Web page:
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Research & theory

Integrated care in Norway: State of affairs years after regulation by law

Authors:

Jorunn Bjerkan ,

Norwegian University of Science and Technology, NO
About Jorunn

RN, PhD Candidate

 

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Marie Richter,

Norwegian University of Science and Technology, NO
About Marie

MI, BLS

Faculty of Medicine, The Norwegian EHR Research Centre

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Anders Grimsmo,

Norwegian University of Science and Technology, NO
About Anders

PhD, Professor,

Faculty of Medicine, The Norwegian EHR Research Centre

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Ragnhild Hellesø,

University of Oslo, NO
About Ragnhild

RN, PhD, Post-doctoral research Fellow

Faculty of Medicine, Institute of Helalth and Society, Departement of Nursing and Health Sciences

 

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Jytte Brender

Aalborg University, DK
About Jytte
PhD, MSc, MSc, Assosiate professor, Dept. of Health Science & Technology, and Virtual Center of Health Informatics
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Abstract

Introduction: A mandatory multidisciplinary plan for individual care, the 'Individual care Plan', was introduced by law in Norway in 2001. The regulation was established to meet the need for improved efficiency and quality of health and social services, and to increase patient involvement. The plan was intended for patients with long-term and complex needs for coordinated care. The aim of this study was to elaborate on knowledge of such planning processes in Norwegian municipalities.

Method: A piloted questionnaire was sent to 92 randomly selected municipalities in 2005-2006, addressing local organization and participation in the work with individual care plans. Local political governance, size of the population, funds available for health care, and problems related to living conditions were indicators for analysing the extent to which the individual care plan was used five years after the regulation was introduced.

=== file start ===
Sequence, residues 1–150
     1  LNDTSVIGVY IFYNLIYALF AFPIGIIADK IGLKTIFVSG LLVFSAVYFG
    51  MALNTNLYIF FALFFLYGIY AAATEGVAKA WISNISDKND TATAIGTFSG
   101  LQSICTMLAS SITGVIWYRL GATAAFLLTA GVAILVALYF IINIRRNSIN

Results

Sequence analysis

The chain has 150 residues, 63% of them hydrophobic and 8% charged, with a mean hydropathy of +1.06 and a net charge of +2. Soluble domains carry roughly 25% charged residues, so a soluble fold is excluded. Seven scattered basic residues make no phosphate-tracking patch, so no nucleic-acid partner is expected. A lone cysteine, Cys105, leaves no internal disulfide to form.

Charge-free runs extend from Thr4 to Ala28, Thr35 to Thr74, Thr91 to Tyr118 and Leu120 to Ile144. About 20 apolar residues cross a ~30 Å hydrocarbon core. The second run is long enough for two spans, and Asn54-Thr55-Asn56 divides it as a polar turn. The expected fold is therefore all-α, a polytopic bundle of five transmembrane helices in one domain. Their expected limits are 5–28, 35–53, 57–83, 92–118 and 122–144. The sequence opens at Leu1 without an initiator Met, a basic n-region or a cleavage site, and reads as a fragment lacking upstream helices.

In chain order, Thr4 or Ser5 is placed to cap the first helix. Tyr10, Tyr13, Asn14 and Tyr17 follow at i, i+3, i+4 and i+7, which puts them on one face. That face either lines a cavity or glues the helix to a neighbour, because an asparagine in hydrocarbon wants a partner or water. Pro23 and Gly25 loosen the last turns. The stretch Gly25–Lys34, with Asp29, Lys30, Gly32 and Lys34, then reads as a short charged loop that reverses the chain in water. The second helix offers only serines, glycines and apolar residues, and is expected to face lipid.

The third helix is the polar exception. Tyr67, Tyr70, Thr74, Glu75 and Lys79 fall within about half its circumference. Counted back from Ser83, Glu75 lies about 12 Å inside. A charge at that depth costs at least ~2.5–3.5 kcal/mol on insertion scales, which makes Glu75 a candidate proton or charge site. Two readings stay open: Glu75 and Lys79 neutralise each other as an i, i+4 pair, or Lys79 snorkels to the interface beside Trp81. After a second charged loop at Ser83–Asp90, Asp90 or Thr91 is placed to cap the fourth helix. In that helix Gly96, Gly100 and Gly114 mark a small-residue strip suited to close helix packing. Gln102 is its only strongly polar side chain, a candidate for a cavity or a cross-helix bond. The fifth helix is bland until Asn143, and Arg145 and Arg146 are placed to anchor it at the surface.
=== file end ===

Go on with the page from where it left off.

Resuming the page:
Results: Our results showed that 0.5% as opposed to an expected 3% of the population had an individual care plan. This was independent of the political, social and financial situation in the municipalities or the way the planning process had been carried out. The planning process was mostly taken care of by local health and social care professionals, rather than by hospital staff and general practitioners.

Discussion and conclusion: The low number of care plans and the oblique responsibility among professionals for planning showed that the objectives of the national initiative had not been achieved. More research is needed to determine the reasons for this lack of success and to contribute to solutions for improved multidisciplinary cooperation.

How to Cite: Bjerkan J, Richter M, Grimsmo A, Hellesø R, Brender J. Integrated care in Norway: State of affairs years after regulation by law. International Journal of Integrated Care. 2011;11(1):None. DOI: http://doi.org/10.5334/ijic.530
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Published on 31 Jan 2011.
Peer Reviewed

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